The first graduates

 

In September 1904, a group of six Chinese students arrived at MIT, greeted with much press fanfare. The first Chinese government-sponsored students at MIT since the recall of the CEM, they came under the auspices of the Guangdong (Kwangtung) provincial government, part of a broader wave of students sent abroad (to the US, Europe or Japan) by the Chinese provincial governments that had been growing since 1890. 

Photo from Mei Zhou Zhongguo xue sheng hui 美洲中國學生會. Mei Zhou Liu Xue Bao Gao. [California: Mei Zhou Zhongguo xue sheng hui], 1905. Haithi Trust.

Photo from Mei Zhou Zhongguo xue sheng hui 美洲中國學生會. Mei Zhou Liu Xue Bao Gao. [California: Mei Zhou Zhongguo xue sheng hui], 1905. Haithi Trust.

Following a competitive examination held in Canton that May, through which a total of 15 students were selected for study in the US, the group had been brought to the US in July by Dr. Chen Jintao (Chen Chin-tao), Superintendent of the Board of Education of Guangdong Province, himself a graduate of American universities (University of California, Columbia, and Yale). The students spent the summer studying English in San Francisco, then visited the World's Fair in St. Louis before dispersing to their selected institutions. Having been sent by their government for the purpose of studying modern science and technology, the MIT group – Chen Ting Tuan, Lee Tsan-chi, Lo Ting Yu, Shen Ting Ching, Tse Tsok Kai, and Wen Ching Yu – took up mining engineering, electrical engineering, civil engineering, sanitary engineering, chemical engineering, and naval architecture. Another group from their cohort was sent to the New Bedford Textile School in New Bedford, Massachusetts to learn modern textile manufacturing. According to an interview in the Boston Globe, the "dean at Tech" had a most favorable impression of the Chinese students: 

Students recommended for degrees, MIT Faculty minutes, 1908. Image courtesy MIT Archives and Special Collections.

Students recommended for degrees, MIT Faculty minutes, 1908. Image courtesy MIT Archives and Special Collections.

You will find them, as we have, quiet, studious and perfect gentleman.
— "SIX CHINAMEN NOW AT TECH," Boston Globe, Oct. 16, 1904.

Two of these students – Tse Tsok Kai and Wen Ching Yu – went on to become the first Chinese students awarded BS degrees from MIT: Tse in Mining Engineering (3.1) and Wen in Mining and Metallurgy Engineering (3.3). Heenan Tinching Shen, followed the next year, receiving his BS in Naval Architecture (Course XIII) in 1909. 

MIT Senior Portfolio 1908. Image courtesy MIT Archives and Special Collections.

MIT Senior Portfolio 1908. Image courtesy MIT Archives and Special Collections.

Tse Tsok Kai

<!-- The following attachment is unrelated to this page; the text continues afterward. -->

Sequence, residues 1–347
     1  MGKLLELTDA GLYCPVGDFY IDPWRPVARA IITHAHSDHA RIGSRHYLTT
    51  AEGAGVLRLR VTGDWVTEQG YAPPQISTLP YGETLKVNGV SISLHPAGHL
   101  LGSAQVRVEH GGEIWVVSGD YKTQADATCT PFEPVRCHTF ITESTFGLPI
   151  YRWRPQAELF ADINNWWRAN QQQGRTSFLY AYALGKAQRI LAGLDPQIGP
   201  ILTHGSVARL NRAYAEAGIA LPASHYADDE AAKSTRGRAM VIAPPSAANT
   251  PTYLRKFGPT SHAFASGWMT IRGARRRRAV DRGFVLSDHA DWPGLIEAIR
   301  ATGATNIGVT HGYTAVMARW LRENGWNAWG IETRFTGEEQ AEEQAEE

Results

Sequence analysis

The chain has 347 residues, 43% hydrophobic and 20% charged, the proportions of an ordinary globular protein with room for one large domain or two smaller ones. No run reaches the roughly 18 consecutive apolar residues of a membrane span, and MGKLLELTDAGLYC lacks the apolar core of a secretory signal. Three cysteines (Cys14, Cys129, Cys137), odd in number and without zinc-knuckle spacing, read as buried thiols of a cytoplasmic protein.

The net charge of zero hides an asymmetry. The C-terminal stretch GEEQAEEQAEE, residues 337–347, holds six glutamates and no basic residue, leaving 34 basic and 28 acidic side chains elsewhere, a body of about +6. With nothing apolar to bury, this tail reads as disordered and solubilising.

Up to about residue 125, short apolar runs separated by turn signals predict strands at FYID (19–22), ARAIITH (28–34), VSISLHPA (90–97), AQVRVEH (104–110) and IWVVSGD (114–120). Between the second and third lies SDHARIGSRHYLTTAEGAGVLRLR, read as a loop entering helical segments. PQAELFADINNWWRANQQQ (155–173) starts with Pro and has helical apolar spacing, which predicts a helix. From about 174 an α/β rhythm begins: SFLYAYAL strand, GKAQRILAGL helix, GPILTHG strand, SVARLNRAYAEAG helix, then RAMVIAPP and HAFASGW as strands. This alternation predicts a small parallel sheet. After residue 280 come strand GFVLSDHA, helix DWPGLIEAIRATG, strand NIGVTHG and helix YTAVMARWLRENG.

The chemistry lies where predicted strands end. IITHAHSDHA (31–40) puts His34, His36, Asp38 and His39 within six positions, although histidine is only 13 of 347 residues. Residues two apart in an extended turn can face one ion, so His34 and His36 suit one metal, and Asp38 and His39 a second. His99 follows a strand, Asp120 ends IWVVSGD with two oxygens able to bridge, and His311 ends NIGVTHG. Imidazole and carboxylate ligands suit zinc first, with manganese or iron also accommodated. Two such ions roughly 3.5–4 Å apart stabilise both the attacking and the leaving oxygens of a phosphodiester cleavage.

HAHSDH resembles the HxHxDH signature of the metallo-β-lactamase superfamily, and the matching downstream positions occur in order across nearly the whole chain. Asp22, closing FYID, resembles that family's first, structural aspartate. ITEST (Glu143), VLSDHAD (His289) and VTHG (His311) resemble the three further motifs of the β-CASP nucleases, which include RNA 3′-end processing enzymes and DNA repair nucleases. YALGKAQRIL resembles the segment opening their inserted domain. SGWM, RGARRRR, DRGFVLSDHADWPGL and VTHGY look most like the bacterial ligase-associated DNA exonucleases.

Tse Tsok Kai (1887-?) 謝作楷/謝莊伯 was a native of Xinhui, Guangdong Province who excelled in his studies from an early age. A student at Queen's College in Hong Kong, Tse was the top student in his year (dux). Graduating in 1903, he worked for a year as a teacher at the Sacred Heart College in Canton. In 1904, Tse qualified as an Imperial Scholar, taking second place in the Imperial Students' Examination, which was held for the last time in April 1904. Searching for new opportunities, Tse and several other "Queen's boys" sat for the special examination in May 1904 to qualify for overseas study. With their strong training in English, as well as Chinese, it is perhaps not surprising that five of the scholarship winners were Queen's boys. Tse and the others set sail for the US on the Empress of India, traveling under the care of Chen Jintao (also a Queen's College alumnus), and arrived in Seattle in July 1904. At MIT, Tse enrolled in Mining Engineering and Metallurgy (Course III) and joined the Mining Engineering Society. He wrote his thesis with Nelson S Hammond on "Chemical Equilibria of Lead Oxide With Reference to Carbon Monoxide and Carbon Dioxide." Tse seems to have been quite a figure on campus, and was mentioned several times in the MIT yearbooks. After receiving his BS degree in 1908, Tse went on to receive his MS in 1909 with a thesis entitled "Study of a Wifely Table." A classmate remembered that Tse jumped up and down and yelled with joy when he received his MS degree, going against stereotype of the "stoic Chinaman." Joining the American Institute of Mining Engineers, between 1909 and 1911, Tse worked as a mining engineer for the Vulture Mining Company. He returned to China in February 1911, shortly before the Republican Revolution of that October. Tse taught for a year at the College of Communications (Jiaotung) in Beijing, and also worked as an Inspector for the Ministry of Agriculture and Forestry. From 1912 until 1915, he served as the Director of the Mining Bureau in Canton, following which he assumed a post as Assistant Manager of the Kwang Tung Electric Supply Company in Canton. With his knowledge of both American engineering and management practices, Tse was credited with turning around the operation of this early Chinese power plant, and he rose to the position of Director. Tse was a member of the Association of Chinese and American Engineers, and in 1923, was elected Vice President of the Canton Returned Students' Association. Tse later entered finance and became the Director General of the Internal Revenue Administration.